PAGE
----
Camino Society Outing – Kilkea Castle, Castledermott, Moone, Ballitore

After a long hot summer, the weather in the early hours of the morning and on the journey out of Dublin was anything but promising with the windscreen wipers active right up to Kilkea Castle and Golf Course, where we had a break for coffee.

From there on, things looked up and the intermittent showers only fell on the coach as we travelled from venue to venue, stopping most considerately each time we were due to get out of the bus.

Our first stop was at St James’s Church, Castledermott, a small Church of Ireland church, where our guides, Ken and Rowan Stanley, gave us a most informative and amusing tour of both the church and graveyard, introducing us to a ‘swearing’ stone, a hog stone and two Celtic crosses. Most memorable inside the building was the beautiful stained glass window depicting the sower and his seed.

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Travelling north to Moone, we walked the short distance, in sunshine, to the High Cross, where John Parkin provided us with an equally informative and amusing explanation as to the significance of  Celtic crosses in general and of this one in particular, part of which featured on the publicity for RTE’s Radharc programme many years ago. It is so well preserved that several of us wondered if it was indeed the original it is!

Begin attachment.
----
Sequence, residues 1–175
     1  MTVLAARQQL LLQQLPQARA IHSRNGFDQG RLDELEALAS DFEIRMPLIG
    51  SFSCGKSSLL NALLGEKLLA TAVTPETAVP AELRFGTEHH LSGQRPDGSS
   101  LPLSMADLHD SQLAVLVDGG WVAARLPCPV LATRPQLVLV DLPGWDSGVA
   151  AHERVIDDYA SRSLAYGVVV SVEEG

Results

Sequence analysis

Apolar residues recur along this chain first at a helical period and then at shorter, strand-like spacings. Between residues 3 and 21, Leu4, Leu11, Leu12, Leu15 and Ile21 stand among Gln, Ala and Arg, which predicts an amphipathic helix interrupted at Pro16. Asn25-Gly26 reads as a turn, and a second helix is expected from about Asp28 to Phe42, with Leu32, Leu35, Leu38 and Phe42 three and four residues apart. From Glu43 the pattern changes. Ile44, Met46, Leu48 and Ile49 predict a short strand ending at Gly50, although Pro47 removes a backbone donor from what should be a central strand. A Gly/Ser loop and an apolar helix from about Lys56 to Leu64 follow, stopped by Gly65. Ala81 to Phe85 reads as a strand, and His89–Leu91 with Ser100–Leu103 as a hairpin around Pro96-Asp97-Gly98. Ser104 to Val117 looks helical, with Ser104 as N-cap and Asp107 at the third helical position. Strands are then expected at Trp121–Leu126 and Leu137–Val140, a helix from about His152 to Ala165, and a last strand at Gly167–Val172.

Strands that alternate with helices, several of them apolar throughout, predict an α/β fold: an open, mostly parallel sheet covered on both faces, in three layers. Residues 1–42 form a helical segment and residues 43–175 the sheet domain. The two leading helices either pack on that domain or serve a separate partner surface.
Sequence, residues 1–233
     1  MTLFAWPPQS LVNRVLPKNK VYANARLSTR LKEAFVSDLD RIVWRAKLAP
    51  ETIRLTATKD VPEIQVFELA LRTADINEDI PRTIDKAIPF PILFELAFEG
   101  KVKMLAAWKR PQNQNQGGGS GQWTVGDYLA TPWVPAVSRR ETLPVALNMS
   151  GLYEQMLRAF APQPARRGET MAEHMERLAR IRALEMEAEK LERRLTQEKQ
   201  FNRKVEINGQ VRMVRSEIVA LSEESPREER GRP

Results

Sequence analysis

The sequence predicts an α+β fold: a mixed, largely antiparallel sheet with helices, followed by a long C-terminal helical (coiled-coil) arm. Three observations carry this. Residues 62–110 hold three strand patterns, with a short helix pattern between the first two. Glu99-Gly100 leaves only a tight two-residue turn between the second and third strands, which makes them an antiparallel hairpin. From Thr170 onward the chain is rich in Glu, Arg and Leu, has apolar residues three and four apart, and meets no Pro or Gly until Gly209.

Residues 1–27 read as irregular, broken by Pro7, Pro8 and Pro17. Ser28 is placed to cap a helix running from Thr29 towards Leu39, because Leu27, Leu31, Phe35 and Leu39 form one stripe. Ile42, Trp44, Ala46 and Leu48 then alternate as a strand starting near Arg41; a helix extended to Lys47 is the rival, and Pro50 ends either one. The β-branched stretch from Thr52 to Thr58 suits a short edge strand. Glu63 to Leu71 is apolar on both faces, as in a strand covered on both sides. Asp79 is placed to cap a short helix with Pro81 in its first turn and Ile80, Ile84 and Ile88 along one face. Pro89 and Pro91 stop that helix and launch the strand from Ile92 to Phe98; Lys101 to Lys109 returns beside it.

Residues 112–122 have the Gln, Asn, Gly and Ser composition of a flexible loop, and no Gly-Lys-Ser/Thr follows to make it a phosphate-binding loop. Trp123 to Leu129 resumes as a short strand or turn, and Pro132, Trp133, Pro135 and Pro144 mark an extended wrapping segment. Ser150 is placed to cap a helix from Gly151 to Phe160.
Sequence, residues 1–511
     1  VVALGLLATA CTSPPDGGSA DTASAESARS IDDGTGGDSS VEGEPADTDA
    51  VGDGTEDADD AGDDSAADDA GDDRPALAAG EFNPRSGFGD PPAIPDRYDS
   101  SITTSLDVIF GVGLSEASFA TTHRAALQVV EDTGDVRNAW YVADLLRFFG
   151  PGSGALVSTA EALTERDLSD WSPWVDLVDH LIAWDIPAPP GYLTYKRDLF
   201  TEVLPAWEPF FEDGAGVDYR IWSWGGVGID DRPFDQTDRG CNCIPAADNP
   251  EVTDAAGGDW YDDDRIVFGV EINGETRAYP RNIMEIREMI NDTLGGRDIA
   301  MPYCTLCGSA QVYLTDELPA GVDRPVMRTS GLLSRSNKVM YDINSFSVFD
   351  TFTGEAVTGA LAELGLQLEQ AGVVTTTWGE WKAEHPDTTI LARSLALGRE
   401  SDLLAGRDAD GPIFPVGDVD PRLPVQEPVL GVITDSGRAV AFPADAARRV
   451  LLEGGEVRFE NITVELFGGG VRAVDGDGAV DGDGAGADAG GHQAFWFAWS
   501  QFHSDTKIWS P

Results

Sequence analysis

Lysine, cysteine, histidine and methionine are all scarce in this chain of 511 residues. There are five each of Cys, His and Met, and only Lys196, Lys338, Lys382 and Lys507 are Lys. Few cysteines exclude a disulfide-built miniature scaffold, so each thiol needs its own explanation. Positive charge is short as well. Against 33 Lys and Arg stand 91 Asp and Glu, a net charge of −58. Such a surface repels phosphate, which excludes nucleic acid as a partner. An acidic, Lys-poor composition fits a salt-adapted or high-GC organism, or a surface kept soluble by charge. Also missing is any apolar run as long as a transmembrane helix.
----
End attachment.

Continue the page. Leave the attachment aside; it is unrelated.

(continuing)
After a brief stop for lunch, we headed to Ballitore, a seventeenth-century Quaker village, where the group divided in two to visit in turn the Quaker meeting house and the library. Olivia Ashmore, on the way to the meeting house, explained to us how the Quakers arrived in the area, the origin of the village and school and listed a number of well known Quaker families, the Shackeltons, Bewleys, Odlums, Fullers, and Jacobs. Only a handful of families remain today in the area but they continue to meet regularly on a Sunday in Ballitore.

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In the library, Mario gave us a most interesting account of the life and times of Mary Leadbetter, daughter of the Quaker school principal, who was not allowed herself to attend the prestigious boys’ school founded by the Quakers. She was however educated at home and it is thanks to her ‘Annals of Ballitore’ that we are able to piece together the social and political history of the seventeenth century in that part of rural Ireland, as viewed from her window in the heart of the village.

A spontaneous gesture by Mary Ashmore, wife of Don, a local farmer, brought us to their beautiful farmhouse for refreshments before we headed to the Green Barn restaurant at Burtown House for a delicious evening meal.

We thank all our guides and Mary and Don for making it such a special day.

Betty, Eric, and Lesley